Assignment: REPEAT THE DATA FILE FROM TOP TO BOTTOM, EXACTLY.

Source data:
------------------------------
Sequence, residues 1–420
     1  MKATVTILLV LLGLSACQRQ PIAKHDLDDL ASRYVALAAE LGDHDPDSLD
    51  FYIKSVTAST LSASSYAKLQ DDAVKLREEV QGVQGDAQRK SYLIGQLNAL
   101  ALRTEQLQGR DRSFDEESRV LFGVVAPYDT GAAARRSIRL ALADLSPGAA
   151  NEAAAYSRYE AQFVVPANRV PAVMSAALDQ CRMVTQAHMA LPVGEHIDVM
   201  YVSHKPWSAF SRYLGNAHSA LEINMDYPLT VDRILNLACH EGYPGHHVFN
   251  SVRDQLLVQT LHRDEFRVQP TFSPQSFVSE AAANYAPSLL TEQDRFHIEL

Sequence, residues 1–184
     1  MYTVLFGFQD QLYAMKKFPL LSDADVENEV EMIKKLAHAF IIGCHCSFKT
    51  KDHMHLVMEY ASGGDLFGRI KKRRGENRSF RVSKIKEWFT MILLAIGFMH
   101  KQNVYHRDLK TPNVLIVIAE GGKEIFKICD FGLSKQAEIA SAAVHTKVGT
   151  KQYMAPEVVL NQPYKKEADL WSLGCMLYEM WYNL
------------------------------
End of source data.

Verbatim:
Sequence, residues 1–420
     1  MKATVTILLV LLGLSACQRQ PIAKHDLDDL ASRYVALAAE LGDHDPDSLD
    51  FYIKSVTAST LSASSYAKLQ DDAVKLREEV QGVQGDAQRK SYLIGQLNAL
   101  ALRTEQLQGR DRSFDEESRV LFGVVAPYDT GAAARRSIRL ALADLSPGAA
   151  NEAAAYSRYE AQFVVPANRV PAVMSAALDQ CRMVTQAHMA LPVGEHIDVM
   201  YVSHKPWSAF SRYLGNAHSA LEINMDYPLT VDRILNLACH EGYPGHHVFN
   251  SVRDQLLVQT LHRDEFRVQP TFSPQSFVSE AAANYAPSLL TEQDRFHIEL

Sequence, residues 1–184
     1  MYTVLFGFQD QLYAMKKFPL LSDADVENEV EMIKKLAHAF IIGCHCSFKT
    51  KDHMHLVMEY ASGGDLFGRI KKRRGENRSF RVSKIKEWFT MILLAIGFMH
   101  KQNVYHRDLK TPNVLIVIAE GGKEIFKICD FGLSKQAEIA SAAVHTKVGT
   151  KQYMAPEVVL NQPYKKEADL WSLGCMLYEM WYNL